|Fasil Ghebbi, Gondar Region|
|Name as inscribed on the World Heritage List|
|Inscription||1979 (3rd Session)|
Fasil Ghebbi is a fortress-enclosure located in Gondar, Ethiopia. It served as the home of Ethiopia's emperors in the 17th and 18th centuries. Its unique architecture shows diverse influences including Nubian, Arab, and Baroque styles. The site was inscribed as a UNESCO World Heritage Site in 1979.
This complex of buildings includes Fasilides castle, Iyasu's Palace, Dawit's Hall, a banqueting hall, stables, Mentewab's Castle, a chancellery, library and three churches: Asasame Qeddus Mikael, Elfin Giyorgis and Gemjabet Mariyam.
The origins of the Fasil Ghebbi can be found in the old tradition of the Ethiopian Emperors to travel around their possessions, living off the produce of the peasants and dwelling in tents. Reflecting this connection, this precinct was frequently referred to as a katama ("camp" or "fortified settlement"), or makkababya the same name applied to the imperial camp in the Royal Chronicle of Baeda Maryam.
Emperor Fasilides broke with this tradition of progressing through the territories, and founded the city of Gondar as his capital; its relative permanence makes the city historically important. Within the capital, he commanded the construction of an imposing edifice, the Fasil Gemb or Fasilides castle. The area around the Fasil Gemb was delineated by a wall with numerous gates. Subsequent Emperors built their own structures, many of which survive either in whole or part today. Visiting the Fasil Ghebbi in the late 1950s, Thomas Pakenham observed that "dotted among the palaces are what remains of the pavilions and kiosks of the imperial city".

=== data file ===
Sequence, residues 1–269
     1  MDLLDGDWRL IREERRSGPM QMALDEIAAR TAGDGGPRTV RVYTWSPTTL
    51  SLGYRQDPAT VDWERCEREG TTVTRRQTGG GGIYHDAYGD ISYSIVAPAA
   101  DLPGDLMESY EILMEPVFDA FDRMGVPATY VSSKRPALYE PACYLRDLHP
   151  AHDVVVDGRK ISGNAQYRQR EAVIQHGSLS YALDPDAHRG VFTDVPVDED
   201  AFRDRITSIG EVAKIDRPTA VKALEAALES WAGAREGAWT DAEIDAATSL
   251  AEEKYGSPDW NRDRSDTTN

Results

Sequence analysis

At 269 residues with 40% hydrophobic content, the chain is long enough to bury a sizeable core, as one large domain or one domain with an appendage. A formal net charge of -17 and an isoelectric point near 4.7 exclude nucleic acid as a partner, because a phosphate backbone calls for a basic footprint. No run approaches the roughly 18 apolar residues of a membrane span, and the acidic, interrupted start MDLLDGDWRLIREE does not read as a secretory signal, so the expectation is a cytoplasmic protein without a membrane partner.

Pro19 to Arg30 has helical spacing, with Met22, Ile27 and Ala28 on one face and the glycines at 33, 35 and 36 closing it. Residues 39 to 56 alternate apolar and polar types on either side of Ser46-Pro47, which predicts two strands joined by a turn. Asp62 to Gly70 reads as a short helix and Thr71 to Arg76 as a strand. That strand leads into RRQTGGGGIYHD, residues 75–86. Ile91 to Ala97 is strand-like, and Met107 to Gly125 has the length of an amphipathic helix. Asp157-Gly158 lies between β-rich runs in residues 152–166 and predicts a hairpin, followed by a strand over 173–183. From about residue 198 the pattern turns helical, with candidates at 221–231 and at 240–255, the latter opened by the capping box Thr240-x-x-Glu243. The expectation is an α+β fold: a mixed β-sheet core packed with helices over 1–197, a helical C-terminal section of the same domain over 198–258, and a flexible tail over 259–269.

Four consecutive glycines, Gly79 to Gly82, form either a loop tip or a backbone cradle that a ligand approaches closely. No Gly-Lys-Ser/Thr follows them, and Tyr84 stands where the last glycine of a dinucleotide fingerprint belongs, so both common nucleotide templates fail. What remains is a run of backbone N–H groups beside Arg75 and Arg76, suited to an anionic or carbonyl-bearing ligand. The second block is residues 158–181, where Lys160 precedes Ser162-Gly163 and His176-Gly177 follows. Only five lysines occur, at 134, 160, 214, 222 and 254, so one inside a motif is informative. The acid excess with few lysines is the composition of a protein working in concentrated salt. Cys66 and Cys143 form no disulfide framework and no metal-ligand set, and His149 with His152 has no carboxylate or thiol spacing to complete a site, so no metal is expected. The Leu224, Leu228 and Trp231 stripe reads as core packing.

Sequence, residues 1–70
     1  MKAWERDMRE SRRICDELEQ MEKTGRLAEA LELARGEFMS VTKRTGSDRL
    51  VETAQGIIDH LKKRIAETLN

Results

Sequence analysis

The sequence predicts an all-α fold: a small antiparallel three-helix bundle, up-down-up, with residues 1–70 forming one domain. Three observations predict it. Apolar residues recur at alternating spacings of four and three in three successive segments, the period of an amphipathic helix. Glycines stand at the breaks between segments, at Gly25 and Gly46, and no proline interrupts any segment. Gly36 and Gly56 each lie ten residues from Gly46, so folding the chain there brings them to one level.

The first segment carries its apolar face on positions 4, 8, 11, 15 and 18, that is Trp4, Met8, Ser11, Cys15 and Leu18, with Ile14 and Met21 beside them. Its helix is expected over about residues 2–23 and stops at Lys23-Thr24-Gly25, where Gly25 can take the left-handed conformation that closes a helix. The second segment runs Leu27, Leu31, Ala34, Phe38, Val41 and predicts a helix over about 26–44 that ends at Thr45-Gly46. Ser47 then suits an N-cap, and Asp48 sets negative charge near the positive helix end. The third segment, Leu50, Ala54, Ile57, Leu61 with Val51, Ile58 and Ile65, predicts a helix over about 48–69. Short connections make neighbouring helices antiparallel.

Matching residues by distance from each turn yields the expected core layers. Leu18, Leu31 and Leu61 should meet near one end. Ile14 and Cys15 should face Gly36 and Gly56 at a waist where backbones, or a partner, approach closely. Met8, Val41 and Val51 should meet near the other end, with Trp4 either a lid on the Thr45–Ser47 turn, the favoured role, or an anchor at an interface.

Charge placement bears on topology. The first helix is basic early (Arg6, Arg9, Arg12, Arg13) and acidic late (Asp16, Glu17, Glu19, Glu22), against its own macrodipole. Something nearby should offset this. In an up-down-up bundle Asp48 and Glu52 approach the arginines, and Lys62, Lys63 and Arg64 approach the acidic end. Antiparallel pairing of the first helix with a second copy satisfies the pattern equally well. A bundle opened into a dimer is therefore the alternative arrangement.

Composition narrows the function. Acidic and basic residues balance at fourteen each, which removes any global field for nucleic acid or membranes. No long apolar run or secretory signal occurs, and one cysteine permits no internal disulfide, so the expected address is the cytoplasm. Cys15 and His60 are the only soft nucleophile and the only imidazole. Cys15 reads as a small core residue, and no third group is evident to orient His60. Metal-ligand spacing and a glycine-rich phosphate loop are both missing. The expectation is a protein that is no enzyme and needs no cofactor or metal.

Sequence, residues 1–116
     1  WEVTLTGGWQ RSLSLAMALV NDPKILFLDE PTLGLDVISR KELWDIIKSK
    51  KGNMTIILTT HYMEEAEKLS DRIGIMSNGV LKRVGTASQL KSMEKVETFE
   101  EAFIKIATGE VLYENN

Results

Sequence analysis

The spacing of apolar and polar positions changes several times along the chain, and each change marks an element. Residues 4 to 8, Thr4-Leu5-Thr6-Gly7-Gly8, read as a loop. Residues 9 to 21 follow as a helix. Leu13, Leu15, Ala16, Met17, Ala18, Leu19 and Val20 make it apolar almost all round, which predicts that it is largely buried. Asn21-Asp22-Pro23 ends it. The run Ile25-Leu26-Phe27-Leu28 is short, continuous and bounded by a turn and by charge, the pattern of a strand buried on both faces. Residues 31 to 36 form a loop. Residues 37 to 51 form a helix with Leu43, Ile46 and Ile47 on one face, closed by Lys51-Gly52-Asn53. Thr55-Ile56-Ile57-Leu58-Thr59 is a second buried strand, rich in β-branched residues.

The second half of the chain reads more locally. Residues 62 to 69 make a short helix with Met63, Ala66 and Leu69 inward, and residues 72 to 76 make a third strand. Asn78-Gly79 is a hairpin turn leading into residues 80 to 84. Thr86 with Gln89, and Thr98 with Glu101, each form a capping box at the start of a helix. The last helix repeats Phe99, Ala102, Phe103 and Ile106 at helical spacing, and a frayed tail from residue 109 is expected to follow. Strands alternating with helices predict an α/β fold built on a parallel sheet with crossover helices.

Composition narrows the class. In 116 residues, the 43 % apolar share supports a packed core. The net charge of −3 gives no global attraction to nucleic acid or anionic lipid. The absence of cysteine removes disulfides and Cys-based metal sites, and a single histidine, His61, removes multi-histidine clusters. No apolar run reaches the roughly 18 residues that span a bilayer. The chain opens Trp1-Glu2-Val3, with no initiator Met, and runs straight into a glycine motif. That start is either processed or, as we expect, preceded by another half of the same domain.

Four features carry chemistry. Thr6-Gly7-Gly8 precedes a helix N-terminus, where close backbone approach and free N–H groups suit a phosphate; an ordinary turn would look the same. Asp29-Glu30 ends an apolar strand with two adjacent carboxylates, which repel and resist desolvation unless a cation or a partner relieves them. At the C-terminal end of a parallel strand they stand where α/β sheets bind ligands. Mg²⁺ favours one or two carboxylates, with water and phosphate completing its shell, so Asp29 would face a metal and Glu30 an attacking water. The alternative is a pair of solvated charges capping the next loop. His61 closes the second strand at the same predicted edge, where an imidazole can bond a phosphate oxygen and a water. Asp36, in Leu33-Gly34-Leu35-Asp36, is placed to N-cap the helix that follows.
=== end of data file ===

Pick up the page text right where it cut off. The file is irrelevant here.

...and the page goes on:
The Fasil Ghebbi covers an area of about 70,000 square meters. To its south lies Adababay, the market place of Gondar, where Imperial proclamations were made, troops presented, and criminals executed; it is currently a city park. The complex is enclosed by a curtain wall which is pierced by twelve gates. These are, in counter-clockwise order: Fit Ber (also called Jan Tekle Ber) opening onto Adababay; Wember Ber ("Gate of the Judges"); Tazkaro Ber ("Gate of Funeral Commemoration") which had a bridge destroyed by fighting during the reign of Emperor Iyasu II; Azaj Tequre Ber ("Gate of Azaj Tequre"), which once was connected by a bridge to Adababay Tekle Haymanot church; Adenager Ber ("Gate of the Spinners"), which was linked by a bridge to Qeddus Rafael church in the weaver's section of Gondar; Qwali Ber ("Gate of the Queen's Attendants"), next to the modern entrance to Elfin Giyorgis church inside the Enclosure; Imbilta Ber ("Gate of the Musicians"); Elfign Ber ("Gate of the Privy Chamber") which gave access to the private apartments of the Fasil Ghebbi; Balderas Ber (Gate of the Commander of the Cavalry"); Ras Ber ("Gate of the Ras"), also known as Qwarenyoch Ber ("Gate of the Qwara people"); Ergeb Ber ("Gate of Pigeons"), also known as Kechin Ashawa Ber ("Gate of the Gifts"); Inqoye Ber ("Gate of Princess Inqoye", the mother of Empress Mentewab; and Gimjabet Mariyam Ber ("Gate of the Treasury of Mary"), which leads to the churchyard of Gimjabet Mariyam church.
- Munro-Hay, Ethiopia, the unknown land: a cultural and historical guide (London: I.B. Tauris, 2002), p. 118
- Richard Pankhurst, The Ethiopians: A History (Oxford: Blackwell, 2001), pp. 109f
- Pakenham, The Mountains of Rasselas (New York: Reynal & Co., 1959), p. 42
- Munro-Hay, Ethiopia, pp. 114f
- Munro-Hay, Ethiopia, pp. 118-120